Regional Reviews: Phoenix
The plot follows the plight of the unemployed, though also entirely endearing, landlord Eric Swan who has found a way to scam the British government out of benefits for his fictitious tenants. His scheme has been providing him with a steady income for two years, but it begins to unravel when a government agent visits him to get signatures on several documents.
Cooney's father is Ray Cooney, who wrote many famous farces, including Run for Your Wife, so he clearly has a pedigree for comedy. Michael Cooney has crafted a rich plot with many layers and an assortment of kooky characters, as well as an ending that ties everything up nicely. However, the beginning of the comedy is a bit slow, taking about 10 minutes for all of the elements to start to jell, and the second act is a bit padded. Fortunately, Cambrian James' direction is sharp and inspired, and his top-notch cast work exceptionally well together as they race through the farce.
Josh Hunt as Eric and Will Hightower as his tenant Norman, who just learned about Eric's scheme, make a winning twosome who play very well off each other. When the lies and mistaken identities start to pile up, their characters get more frenzied and frazzled trying to hold it all together. Tim Paul Fiscus is equally as good as Mr. Jenkins, the agent who comes to obtain the signatures. He is the foil for almost all of the deceptions in the plot and Fiscus is keenly adept at playing the straight man. He also has a moment with an out of control washing machine that is priceless.
Alaina Beauloye is outstanding playing the escalating exasperated tones of Eric's fraught wife Linda, who doesn't know about his fraudulent activities and still believes he is employed. In supporting parts, Joey Morrison is hilarious with perfectly timed bits of physical comedy as Eric's battle scared Uncle George, and Lindsay Hope is a hoot as crisis counselor Sally. Also, Matthew R. Harris is perfectly befuddled as a bewildered marriage counselor, Darryl Poenisch is similarly confused as an undertaker, Christine Conger is sweet and charming as Norman's fiancée, and Jamie Bauer is steely as a battle-axe as Jenkins' no-nonsense boss.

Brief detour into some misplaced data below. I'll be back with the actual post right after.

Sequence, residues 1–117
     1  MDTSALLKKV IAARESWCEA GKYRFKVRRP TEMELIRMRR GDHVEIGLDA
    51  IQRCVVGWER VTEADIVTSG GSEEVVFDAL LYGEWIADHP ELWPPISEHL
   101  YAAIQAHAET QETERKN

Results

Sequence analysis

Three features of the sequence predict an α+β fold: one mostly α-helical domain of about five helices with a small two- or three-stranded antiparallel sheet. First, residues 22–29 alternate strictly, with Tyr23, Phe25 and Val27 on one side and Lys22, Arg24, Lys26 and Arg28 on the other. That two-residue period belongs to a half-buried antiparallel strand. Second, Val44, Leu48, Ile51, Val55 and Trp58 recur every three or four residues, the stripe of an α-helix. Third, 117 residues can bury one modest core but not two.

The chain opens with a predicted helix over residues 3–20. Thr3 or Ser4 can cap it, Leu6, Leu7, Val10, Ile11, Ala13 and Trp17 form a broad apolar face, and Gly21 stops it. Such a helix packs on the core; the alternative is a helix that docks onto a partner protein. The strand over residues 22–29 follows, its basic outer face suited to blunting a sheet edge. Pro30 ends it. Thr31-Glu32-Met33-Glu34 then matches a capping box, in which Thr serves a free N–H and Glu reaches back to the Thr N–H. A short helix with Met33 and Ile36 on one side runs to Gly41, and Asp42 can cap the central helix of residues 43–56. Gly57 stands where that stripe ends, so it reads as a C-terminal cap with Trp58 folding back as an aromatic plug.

James keeps the pace fast and the frenzy at a perfectly heightened level, and ensures his actors have not only good comic timing but also support each other, so the jokes all land and get big laughs. Creative elements are excellent, with Brian Daily's set design simple but effective, including the requisite number of doors a good farce requires, and Tia Hawkes' costumes all character specific with comical touches. Gary Towne's sound design features some fun audio effects.
With an abundance of laugh out loud moments and a very game cast, Hale Centre Theatre's production of Cash on Delivery is a comically rich and infectiously funny farce.
Cash on Delivery, through February 9, 2019, at Hale Centre Theatre, 50 W. Page Avenue, Gilbert AZ. Tickets can be ordered at www.haletheatrearizona.com or by calling 480-497-1181.
Directed by Cambrian James